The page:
|Publication number||US20060267935 A1|
|Application number||US 11/139,254|
|Publication date||Nov 30, 2006|
|Filing date||May 27, 2005|
|Priority date||May 27, 2005|
|Also published as||US7548230, US8164566, US8723794, US20090213072, US20100194687, WO2006128093A2, WO2006128093A3|
|Publication number||11139254, 139254, US 2006/0267935 A1, US 2006/267935 A1, US 20060267935 A1, US 20060267935A1, US 2006267935 A1, US 2006267935A1, US-A1-20060267935, US-A1-2006267935, US2006/0267935A1, US2006/267935A1, US20060267935 A1, US20060267935A1, US2006267935 A1, US2006267935A1|
|Original Assignee||Sony Computer Entertainment Inc.|
|Export Citation||BiBTeX, EndNote, RefMan|
|Referenced by (10), Classifications (7), Legal Events (5)|
|External Links: USPTO, USPTO Assignment, Espacenet|
The invention relates to the field of input devices suitable for operating display devices and other electronic devices. Many consumer electronics devices, such as televisions, video playback and recording devices, and cable boxes, have numerous complicated and esoteric functions that need to be controlled by a user from a distance. Some manufacturers provide users with complicated remote controls that include dedicated buttons for all of the device's functions. However, complicated remote controls are expensive and discourage casual users from operating the equipment.
As an alternative, the user interfaces for many consumer electronic devices employ on-screen displays to enable users to control many device functions. The on-screen display provides users with a graphical user interface. One type of graphical user interface is a menu-based user interface. Menu-based interfaces group functions together under one or more nested menus. User can move between menus using a joystick or directional pad included in the remote control. However, because menu-based interfaces often bury functions under one or more menus or sub-menus, they are often difficult to use. Additionally, users must often input numerous button presses to navigate to and select the desired menu item.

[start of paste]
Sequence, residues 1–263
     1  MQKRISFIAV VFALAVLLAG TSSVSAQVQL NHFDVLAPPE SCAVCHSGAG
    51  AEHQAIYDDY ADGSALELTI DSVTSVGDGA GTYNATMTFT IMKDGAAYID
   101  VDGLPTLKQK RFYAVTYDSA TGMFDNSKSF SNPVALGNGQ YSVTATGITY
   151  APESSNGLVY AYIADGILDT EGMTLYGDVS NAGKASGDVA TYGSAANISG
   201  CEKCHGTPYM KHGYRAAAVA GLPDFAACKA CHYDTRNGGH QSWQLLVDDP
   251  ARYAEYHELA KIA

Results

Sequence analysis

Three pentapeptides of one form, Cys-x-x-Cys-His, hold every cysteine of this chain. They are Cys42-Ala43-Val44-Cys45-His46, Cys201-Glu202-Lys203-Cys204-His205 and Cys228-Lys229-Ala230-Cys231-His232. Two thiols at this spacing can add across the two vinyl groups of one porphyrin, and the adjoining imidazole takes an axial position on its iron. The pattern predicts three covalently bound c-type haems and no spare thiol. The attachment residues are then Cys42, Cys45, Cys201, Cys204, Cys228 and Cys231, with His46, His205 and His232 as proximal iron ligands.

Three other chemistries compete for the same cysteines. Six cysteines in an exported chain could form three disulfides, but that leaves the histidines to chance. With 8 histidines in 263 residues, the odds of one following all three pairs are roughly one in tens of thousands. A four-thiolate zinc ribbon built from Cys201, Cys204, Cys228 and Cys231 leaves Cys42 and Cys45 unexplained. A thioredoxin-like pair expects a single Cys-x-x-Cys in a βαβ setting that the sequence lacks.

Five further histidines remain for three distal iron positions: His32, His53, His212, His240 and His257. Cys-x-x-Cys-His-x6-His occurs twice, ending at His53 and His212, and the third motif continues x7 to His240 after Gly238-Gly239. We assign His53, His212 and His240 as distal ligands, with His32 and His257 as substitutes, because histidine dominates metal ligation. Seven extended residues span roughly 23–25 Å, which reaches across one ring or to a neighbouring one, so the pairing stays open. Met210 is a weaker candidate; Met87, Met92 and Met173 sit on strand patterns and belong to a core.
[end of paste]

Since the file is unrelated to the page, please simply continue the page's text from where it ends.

Pointer-based graphical user interfaces are widely employed to operate computers. Typically, users manipulate an on-screen pointer using a mouse to interact with the graphical user interface. Pointer-based graphical user interfaces allow users to view and manipulate icons for a large number of functions with relative ease. A mouse typically requires a flat, smooth surface to operate correctly. In office environments, where users are typically seated at a desk, a mouse is an effective input device.
However, in many applications, the user does not have access to a flat surface. In these applications, a mouse is difficult and inconvenient to use. In an example, a user standing and giving a presentation must often return to a podium, table, or other flat surface to manipulate a mouse. In another example, in home entertainment environment, a user is often seated or lying down on a sofa or reclining chair. In this environment, the user would often have to change position to operate a mouse. As a result of this disruption, mice are not widely used in casual environments where the user is not likely to be seated in front of a flat surface.
To implement a pointer-based user interface in consumer electronics devices, some remote controls for consumer electronics devices include a digital or analog joystick to control an on-screen pointer of a pointer-based on-screen display. Unfortunately, users often find controlling a pointer using a joystick to be difficult, non-intuitive, and frustrating.
Other types of input devices have been developed to provide users with more intuitive ways of directing an on-screen pointer. One of these types of devices is the light gun or light pen. Light guns and light pens typically determine a pointer location by measuring the timing of a raster-scan based display. As a result, these types of devices cannot operate from non-raster scanned displays, such as LCD, plasma, and non-CRT based projection displays. Another type of light gun projects a narrow infrared beam at a target point. A camera located behind the user detects beam and deduces the position of the target point. This type of light gun is complicated and expensive, requiring the installation of a camera on the opposite wall from the target display.
Another type of remote input device is the Gyromouse, made by Gyration Inc. The Gyromouse includes one or more solid-state gyroscopes adapted to sense movement. As the user manipulates this device, the gyroscopes detect the motion and send a signal, often via radio waves, to a receiver unit. The receiver unit then interprets this signal into a pointer movement. The disadvantages of this device are its complexity, cost, size, and power consumption. Moreover, this type of device is often only sensitive to large amounts of motion. Thus, users must move the device substantially to operate the pointer.